The Abacos are a group of islands and cays that form a 120-mile-long chain stretching over 650 square miles. The coastlines are scalloped with bays, coves and protected harbors with full-service marinas and resorts. Great Abaco Island and Little Abaco serve as the mainland. Marsh Harbour has a lively downtown area with all city amenities. Treasure Cay boasts miles of pristine beaches, including one of the top 10 beaches in the world. Elbow Cay, with its quaint village of Hope Town, and Green Turtle Cay are old English loyalist settlements, where you'll find beautifully preserved colonial architecture with a touch of Bahamian pastels. Great Guana Cay is famous for Sunday barbecues atop the island's tall sand dune, which overlooks a magnificent seven-mile-long beach.
Miles of remote beaches, exhilarating dive sites, along with world-class sport fishing are just a few of the things that make the Berry Islands a unique destination. Comprising a cluster of 30 Cays, a majority of the Berry Islands are uninhabited. It is not difficult to find completely deserted beaches in secluded private coves.Great Harbour Cay is the largest of the Berry Islands. It is eight miles long and one-and-a-half miles wide. The largest port of the Berry's is on Great Harbour Cay. Chub Cay is the second-largest island in the chain and is known as the billfish capital of the Bahamas. Little Stirrup Cay is leased by Royal Caribbean International, which calls it Coco Cay. The cruise line uses it as a private island for its fleet of cruise ships.The Berry Islands are an easy stop along the way to other islands or worthy as a destination of their own.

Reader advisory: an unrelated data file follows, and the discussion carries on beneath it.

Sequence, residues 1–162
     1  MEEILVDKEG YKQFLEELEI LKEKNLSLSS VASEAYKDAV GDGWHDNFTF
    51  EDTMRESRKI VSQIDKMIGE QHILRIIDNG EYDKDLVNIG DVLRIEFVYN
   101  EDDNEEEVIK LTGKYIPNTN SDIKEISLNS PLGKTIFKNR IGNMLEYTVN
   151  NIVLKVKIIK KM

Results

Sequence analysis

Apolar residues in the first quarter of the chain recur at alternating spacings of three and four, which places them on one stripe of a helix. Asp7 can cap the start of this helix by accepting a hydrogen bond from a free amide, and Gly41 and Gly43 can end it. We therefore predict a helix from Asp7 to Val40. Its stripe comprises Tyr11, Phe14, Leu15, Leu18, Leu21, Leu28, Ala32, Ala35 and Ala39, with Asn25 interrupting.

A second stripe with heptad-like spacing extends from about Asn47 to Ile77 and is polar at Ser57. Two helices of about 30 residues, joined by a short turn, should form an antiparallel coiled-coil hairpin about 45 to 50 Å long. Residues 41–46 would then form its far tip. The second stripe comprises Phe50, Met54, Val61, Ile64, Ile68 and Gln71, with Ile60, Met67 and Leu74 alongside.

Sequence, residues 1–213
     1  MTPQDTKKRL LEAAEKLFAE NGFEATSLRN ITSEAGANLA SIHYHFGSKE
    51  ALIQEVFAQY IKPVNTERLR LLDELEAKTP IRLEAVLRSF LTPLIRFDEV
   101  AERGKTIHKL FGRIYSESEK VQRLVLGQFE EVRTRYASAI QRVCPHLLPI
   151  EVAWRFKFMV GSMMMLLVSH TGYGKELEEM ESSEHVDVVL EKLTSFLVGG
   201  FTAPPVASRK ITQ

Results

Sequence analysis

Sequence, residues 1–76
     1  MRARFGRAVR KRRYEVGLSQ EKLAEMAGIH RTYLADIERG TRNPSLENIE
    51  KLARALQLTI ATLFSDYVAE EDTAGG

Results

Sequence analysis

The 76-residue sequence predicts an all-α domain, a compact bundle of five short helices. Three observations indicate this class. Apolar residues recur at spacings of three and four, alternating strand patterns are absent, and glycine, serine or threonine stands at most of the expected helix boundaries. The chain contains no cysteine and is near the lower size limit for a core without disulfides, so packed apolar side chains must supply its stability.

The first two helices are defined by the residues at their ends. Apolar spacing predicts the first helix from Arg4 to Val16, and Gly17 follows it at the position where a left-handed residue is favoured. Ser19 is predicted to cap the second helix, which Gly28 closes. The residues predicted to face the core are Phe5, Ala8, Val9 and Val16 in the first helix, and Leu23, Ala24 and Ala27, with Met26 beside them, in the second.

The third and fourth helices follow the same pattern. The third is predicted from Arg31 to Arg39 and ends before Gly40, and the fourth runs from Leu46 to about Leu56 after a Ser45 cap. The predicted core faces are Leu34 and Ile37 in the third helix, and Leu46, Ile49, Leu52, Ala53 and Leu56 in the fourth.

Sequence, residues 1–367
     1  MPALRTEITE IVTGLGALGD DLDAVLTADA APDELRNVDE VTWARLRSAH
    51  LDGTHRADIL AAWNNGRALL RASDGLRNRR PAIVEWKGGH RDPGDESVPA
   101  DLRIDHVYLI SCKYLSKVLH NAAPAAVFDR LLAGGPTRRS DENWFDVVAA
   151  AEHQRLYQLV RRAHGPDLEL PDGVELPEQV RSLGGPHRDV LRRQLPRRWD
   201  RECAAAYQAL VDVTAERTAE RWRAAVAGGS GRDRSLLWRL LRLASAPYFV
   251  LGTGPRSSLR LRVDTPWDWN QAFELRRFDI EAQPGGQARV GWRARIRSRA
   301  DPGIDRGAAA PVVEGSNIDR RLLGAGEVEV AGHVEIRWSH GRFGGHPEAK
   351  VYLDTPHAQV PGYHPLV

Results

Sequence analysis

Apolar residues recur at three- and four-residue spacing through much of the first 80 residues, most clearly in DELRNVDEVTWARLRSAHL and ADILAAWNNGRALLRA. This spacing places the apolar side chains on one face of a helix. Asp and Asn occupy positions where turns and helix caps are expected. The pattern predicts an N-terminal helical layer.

The name Eleuthera refers to an individual Bahamian island but is also used to refer to its associated chain of small islands, which include Harbour Island, Windermere Island, Man Island and Current Island. They are the fourth most populated island group in the Bahamas, with approximately 11,000 residents. Most who live on Eleuthera and Harbour Island either fish or farm the rolling acres of pineapple plantations.The islands have an air of casual sophistication, with isolated communities and well-developed resorts. They have a diverse natural beauty of rocky bluffs and low-lying wetlands. Harbour Island was once the capital of the Bahamas and was awarded The Best Island in the Caribbean by Travel & Leisure magazine in 2015; it also received this same award in 2005. Harbor Island is renowned for lush tropical greenery and magical pink-sand beaches.
New Providence is the 11th-largest island in the Bahamian Archipelago and is the seat of the nation's government. New Providence is also the home of the capital city, Nassau, and the largest population. Nassau is a bustling metropolitan hub full of culture and modern amenities. Immediately to the north lies Paradise Island, whose name says it all. The island is home to resorts, hotels, restaurants, shops, nightlife, a golf course, an aquarium and a casino. Nassau's main harbor is protected by Paradise Island, creating a sheltered harbor with all of the marine services a boater could want or need.While New Providence is best known for the fast-paced city life of Nassau, there are also quiet outposts along its southern shoreline, welcoming visiting boaters with deep protected harbors. These harbors make for great provisioning and a jumping-off point to the Exumas.